David Jefferson: Email Voting — A National Security Threat in Government Elections

Security expert David Jefferson, articulates the vulnerabilities of email voting, perhaps the most vulnerable form of Internet voting (and that is saying a lot, since all forms of Internet voting are very risky). <read>

David Jefferson is a computer scientist and researcher at Lawrence Livermore National Laboratory in California where he studies cyber security and ways to protect the nation’s military, civilian, and government networks from cyber attack.  He is also the Chairman of the Board of Verified Voting, and has been studying electronic and Internet voting for over a decade, advising five successive California Secretaries of State on voting technology issues.

Excerpts:

Neither the Internet itself, nor voters’ computers, nor the email vote collection servers are secure against any of a hundred different cyber attacks that might be launched by anyone in the world from a self-aggrandizing loner to a foreign intelligence agency. Such an attack might allow automated and undetectable modification or loss of any or all of the votes transmitted.

While all Internet voting systems are vulnerable to such attacks and thus should be unacceptable to anyone, email voting is by far the worst Internet voting choice from a national security point of view since it is the easiest to attack in the largest number of different ways.

The technical points I am about to state are not my opinions alone. The computer security research community in the U.S. is essentially unanimous in its condemnation of any currently feasible form of Internet voting, but most especially of email voting. I strongly urge legislators in states considering e-mail voting to request testimony from other independent computer network security experts who are not affiliated with or paid by any voting system vendor. Email voting is extremely dangerous in ways that people without strong technical background are not likely to anticipate.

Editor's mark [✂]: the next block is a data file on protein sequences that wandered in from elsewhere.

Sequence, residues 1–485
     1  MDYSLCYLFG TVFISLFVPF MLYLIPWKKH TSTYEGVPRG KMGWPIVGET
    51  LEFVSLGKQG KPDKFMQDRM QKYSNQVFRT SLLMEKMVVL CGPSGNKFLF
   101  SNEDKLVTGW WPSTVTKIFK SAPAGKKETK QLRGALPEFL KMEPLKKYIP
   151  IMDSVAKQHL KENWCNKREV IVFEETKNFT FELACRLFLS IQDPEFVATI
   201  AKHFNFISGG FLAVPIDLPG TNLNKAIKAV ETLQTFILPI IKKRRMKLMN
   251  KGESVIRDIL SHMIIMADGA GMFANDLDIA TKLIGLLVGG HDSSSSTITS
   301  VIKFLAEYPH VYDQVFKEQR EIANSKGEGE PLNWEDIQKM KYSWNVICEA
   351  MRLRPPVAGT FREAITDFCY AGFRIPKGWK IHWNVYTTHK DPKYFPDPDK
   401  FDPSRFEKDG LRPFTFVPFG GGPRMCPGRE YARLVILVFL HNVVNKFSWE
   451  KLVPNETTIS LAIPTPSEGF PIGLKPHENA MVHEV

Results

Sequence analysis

Here are the problems with email voting:

1. Lack of privacy:

2. Vote manipulation while in transit:

3. Server penetration attacks:

4. Ballot files can carry malware into the election network:

5. Voters’ computers infected with malware:

6. Denial of service attacks:

7. Email ballots are unauditable; attacks are undetectable and irreparable:

8. Multiple simultaneous attacks:

9. These facts will not change:

10. Similar problems with FAX voting:

11. Move toward Internet distribution of blank ballots.

For these reasons I strongly urge states that do not currently provide for email voting not to start down that path. In my professional opinion this path leads only to a major risk to U.S. national security, exposing our elections to easy manipulation by anyone in the world.

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